On retrial for murder for the deaths of Cantu and Solis, the jury found Ojeda guilty of voluntary manslaughter for the death of Cantu and guilty of murder for the death of Solis.
By his first point of error, Ojeda contends that the trial court erred in finding him guilty of voluntary manslaughter of Cantu since the State never negated Ojeda's self-defense claim that the shootings were immediately necessary to protect him from the use or attempted use of deadly force by Cantu. Ojeda contends that because "immediate necessity" was established in the first trial when the jury found he was acting in self-defense when Juarez was killed, the State now must negate the immediate necessity issue in order to find him guilty of voluntary manslaughter. In conjunction with this claim, Ojeda challenges the legal and factual sufficiency of the evidence of his voluntary manslaughter conviction.
We reject Ojeda's argument for the following reasons. First, the issue of Juarez's death was not before the second jury. In fact, the jury was instructed that the evidence concerning Juarez's death was admitted solely for the purpose of aiding them in determining Ojeda's intent in connection with the murder charges for the deaths of Cantu and Solis.
Second, Ojeda misstates the consequences of the introduction of his self-defense theory.
When the issue of self-defense is raised, the State has the burden of persuasion to disprove self-defense. Saxton v. State, 804 S.W.2d 910, 913 (Tex. Crim. App. 1991). This is not a burden of production requiring the State to affirmatively produce evidence refuting the self-defense claim. Rather, this burden requires the State to prove its case beyond a reasonable doubt. Id.; Alvarado v. State, 821 S.W.2d 369, 372 (Tex. App.--Corpus Christi 1991, no pet.). Since self-defense is a fact issue to be determined by the fact-finder, the credibility of the self-defense evidence lays solely within the jury's province and the jury is free to accept or reject it. Williams v. State, 911 S.W.2d 191, 194 (Tex. App.--Houston [1st Dist.] 1995, pet. ref'd); Saxton, 804 S.W.2d at 913-14.
The relevant question, then, is whether the State proved beyond a reasonable doubt the offense of voluntary manslaughter. Did the State establish that Ojeda caused the death of Cantu while under the immediate influence of sudden passion arising from an adequate cause? Tex. Penal Code Ann. Section(s) 19.02 (a)(1), (2) (Vernon 1994)(voluntary manslaughter defined). In resolving the issue of the legal sufficiency of the evidence, this Court, after viewing the evidence in the light most favorable to the jury's verdict, must determine whether any rational trier of fact would have found beyond a reasonable doubt the essential elements of the offense and also would have found against the defendant on the issue of self-defense beyond a reasonable doubt. Valdez v. State, 776 S.W.2d 162, 165 (Tex. Crim. App. 1989), cert. denied, 495 U.S. 963 (1990). In conducting a factual sufficiency review, however, we do not view the evidence in the light most favorable to the prosecution, and we set aside the verdict only if it is so contrary to the overwhelming weight of the evidence as to be clearly wrong and manifestly unjust. Clewis v. State, 922 S.W.2d 126, 129 (Tex. Crim. App. 1996).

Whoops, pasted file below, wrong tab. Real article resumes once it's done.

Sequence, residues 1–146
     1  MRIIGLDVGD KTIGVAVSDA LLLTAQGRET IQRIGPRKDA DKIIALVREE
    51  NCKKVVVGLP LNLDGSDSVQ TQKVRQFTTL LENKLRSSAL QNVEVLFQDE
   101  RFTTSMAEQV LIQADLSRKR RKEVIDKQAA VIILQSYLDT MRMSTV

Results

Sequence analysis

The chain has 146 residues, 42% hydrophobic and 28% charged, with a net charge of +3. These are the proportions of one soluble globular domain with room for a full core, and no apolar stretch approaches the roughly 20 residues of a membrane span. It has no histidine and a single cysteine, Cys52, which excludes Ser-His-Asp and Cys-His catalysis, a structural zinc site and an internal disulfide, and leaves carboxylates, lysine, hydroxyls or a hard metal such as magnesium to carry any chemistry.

The evidence shows that Ojeda and Juarez were fist-fighting, Ojeda retrieved a gun and fired one shot wounding Juarez. Once Ojeda shot Juarez, Cantu attempted to disarm Ojeda and was eventually shot during their struggle. A rational jury could conclude that when Cantu was attempting to disarm Ojeda, Cantu was not using deadly force and thus, Ojeda was not justified in responding with deadly force. A rational jury could also conclude that when Ojeda retrieved his gun, he gained an advantage in the fight to the extent that he was no longer in fear for his life and he could have safely retreated without further incident. Further, a rational jury could conclude that although Ojeda was not justified in using deadly force in response to non-deadly force, he knowingly and intentionally shot Cantu while under the influence of sudden passion. Intent to kill may be inferred from Ojeda's use of a deadly weapon in a deadly manner; indeed, the inference is almost conclusive. Adanandus v. State, 866 S.W.2d 210, 215 (Tex. Crim. App. 1993), cert. denied, 510 U.S. 1215 (1994).